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For all DI examples I have seen, I always see the dependencies as other classes, like services. But an object may depend, heavily and/or crucially in fact, on configuration values such as Strings and resource wrappers (File/Path/URI/URL, as opposed to an entire big value string/document, or a reader).

Note, this is about the DI design pattern in Java or C# syntax alone, not how any particular DI framework handles this.

For example, let's say I have this class which returns a String (relative path, based on some obscure implementation logic). It (rather its various implementors) has a configuration/initialization dependency on the "projectLocation", as a user could have various projects on their machine and this class will perform some logic based on a given project whenever it is called.

public abstract class PathResolver {

    protected File projectFilesLocation;

    public RoutinePathResolver(File projectFilesLocation) {
        this.projectFilesLocation = projectFilesLocation;
    }

    public abstract String getPath(String someValue);
}

I am not using DI just for unit-testing (gasp I'm not even unit testing, existing project). I just want to separate my dependency/creational concerns and logic concerns period.

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For the ones like me who didn't get it at first sight, DI stands for Dependency Injection (English is not my natural language) :) –  LaGrandMere Mar 21 '13 at 11:43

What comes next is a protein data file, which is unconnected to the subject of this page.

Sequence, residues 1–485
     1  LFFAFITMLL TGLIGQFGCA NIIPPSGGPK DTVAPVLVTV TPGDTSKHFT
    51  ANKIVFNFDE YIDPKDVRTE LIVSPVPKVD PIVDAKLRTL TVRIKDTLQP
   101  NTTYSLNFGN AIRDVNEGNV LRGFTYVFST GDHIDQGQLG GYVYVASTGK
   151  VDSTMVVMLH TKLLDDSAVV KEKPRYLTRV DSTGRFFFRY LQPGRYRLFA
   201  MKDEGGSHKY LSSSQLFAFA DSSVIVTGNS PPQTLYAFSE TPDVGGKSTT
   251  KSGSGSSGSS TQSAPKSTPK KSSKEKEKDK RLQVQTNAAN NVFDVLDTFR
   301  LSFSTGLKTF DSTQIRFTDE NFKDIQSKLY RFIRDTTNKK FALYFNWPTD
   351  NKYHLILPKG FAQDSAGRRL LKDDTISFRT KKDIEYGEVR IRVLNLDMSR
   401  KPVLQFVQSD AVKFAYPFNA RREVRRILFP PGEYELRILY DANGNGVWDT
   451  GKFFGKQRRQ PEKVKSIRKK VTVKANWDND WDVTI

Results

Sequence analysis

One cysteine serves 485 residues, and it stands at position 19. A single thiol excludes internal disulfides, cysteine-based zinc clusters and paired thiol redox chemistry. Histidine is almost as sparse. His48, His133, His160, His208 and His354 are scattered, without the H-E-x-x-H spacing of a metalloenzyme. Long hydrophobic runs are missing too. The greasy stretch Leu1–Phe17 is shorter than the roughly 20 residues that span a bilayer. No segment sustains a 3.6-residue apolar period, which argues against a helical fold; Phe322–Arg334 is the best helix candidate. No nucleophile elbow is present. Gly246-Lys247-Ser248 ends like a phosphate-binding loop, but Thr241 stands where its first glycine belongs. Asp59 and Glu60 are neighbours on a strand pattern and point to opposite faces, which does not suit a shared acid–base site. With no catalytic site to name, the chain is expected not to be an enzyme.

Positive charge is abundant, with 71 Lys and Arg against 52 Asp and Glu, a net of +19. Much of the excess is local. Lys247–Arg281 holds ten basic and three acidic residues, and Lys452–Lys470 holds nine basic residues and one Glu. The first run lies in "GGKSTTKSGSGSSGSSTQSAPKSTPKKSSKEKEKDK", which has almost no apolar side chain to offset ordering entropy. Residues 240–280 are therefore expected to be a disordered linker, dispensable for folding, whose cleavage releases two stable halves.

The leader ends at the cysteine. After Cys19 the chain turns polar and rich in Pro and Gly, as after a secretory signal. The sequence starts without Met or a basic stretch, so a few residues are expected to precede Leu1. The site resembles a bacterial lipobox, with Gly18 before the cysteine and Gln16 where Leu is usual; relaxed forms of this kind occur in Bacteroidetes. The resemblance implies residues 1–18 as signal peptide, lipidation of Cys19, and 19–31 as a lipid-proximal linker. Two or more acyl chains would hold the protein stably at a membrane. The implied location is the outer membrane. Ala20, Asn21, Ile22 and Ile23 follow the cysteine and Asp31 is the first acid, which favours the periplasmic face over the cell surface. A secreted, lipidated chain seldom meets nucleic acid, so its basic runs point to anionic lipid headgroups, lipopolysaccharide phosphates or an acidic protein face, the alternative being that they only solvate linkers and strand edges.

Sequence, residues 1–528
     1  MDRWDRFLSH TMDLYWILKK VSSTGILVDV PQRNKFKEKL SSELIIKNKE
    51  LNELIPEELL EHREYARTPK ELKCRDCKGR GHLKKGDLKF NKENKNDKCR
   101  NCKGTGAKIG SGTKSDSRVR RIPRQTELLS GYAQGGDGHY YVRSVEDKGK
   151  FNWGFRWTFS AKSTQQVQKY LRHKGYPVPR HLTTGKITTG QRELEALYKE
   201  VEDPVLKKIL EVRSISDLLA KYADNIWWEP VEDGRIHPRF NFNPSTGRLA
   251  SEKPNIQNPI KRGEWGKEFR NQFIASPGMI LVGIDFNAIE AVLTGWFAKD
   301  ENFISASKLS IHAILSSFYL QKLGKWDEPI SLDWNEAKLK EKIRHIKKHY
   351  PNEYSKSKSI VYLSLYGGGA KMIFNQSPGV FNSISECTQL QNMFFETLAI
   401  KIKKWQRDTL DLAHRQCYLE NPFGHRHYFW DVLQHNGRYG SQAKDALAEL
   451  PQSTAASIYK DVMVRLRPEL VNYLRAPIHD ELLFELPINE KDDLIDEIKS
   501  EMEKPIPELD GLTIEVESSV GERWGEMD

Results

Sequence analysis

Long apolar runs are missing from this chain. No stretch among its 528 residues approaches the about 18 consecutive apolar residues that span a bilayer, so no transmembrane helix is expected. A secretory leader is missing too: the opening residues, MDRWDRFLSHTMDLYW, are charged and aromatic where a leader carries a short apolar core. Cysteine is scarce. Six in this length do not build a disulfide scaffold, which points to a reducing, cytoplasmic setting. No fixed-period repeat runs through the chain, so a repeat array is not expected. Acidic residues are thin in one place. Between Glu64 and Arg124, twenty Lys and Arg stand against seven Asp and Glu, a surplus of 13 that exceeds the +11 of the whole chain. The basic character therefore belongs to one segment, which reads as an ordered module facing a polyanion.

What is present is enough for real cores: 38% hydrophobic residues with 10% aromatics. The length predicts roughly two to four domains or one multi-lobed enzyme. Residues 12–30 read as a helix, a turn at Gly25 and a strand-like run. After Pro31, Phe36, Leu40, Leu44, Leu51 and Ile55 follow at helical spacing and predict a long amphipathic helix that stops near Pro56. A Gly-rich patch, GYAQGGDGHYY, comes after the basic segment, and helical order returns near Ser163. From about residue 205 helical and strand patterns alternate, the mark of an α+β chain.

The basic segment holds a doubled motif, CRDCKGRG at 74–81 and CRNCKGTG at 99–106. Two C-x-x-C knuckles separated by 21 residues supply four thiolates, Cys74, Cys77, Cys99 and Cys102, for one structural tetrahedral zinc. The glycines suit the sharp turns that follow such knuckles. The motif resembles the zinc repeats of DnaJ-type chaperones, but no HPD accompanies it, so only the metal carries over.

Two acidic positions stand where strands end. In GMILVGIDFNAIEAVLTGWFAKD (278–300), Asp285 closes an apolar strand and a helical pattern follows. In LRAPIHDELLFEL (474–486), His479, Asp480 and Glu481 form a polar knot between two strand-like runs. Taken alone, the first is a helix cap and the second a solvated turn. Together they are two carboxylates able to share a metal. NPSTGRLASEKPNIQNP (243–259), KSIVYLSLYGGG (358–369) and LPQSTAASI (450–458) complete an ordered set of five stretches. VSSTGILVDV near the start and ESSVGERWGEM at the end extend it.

1 Answer 1

up vote 3 down vote accepted

Provided that the thing you want to inject, e.g., a file location, is something that would be directly used by the class then it is perfectly valid to inject it.

In the case of an Object such as a File or a String then this is no different to something called Service. It is a dependency of your class thus DI applies.

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But on the other hand, one could inject a ConfigurationSettings interface, which performs the service of returning said String value? Perhaps from a repo, config file, or something else. There would be a difference. –  Zombies Mar 21 '13 at 12:48
    
You could do that but IMHO a ConfigurationSettings interface ends up becoming a God object and you end up with everything depending on it. It's better to inject the specific configuration required for each class directly into it. Maybe if you wanted different ways of loading the file you would have a FileProvider interface with CMSFileProvider and LocalSystemFileProvider implementations for example. –  James Mar 21 '13 at 12:52
1  
It depends. It's perfectly fine to have a concrete Config VO. For instance PathResolvedConfig. If and only when it exclusively carries config data for that specific class (or interface, obviously). An ApplicationConfig VO of which only a part of the data is used is definitely a no-no. –  Creynders Mar 21 '13 at 13:45
    
Good point Creynders, if the config class has a high enough cohesion then it's not a problem and often makes life easier. I tend to use the same rule of thumb for this and the Parameter Object pattern. If you have more than 3 values then encapsulate in a VO. –  James Mar 21 '13 at 14:29

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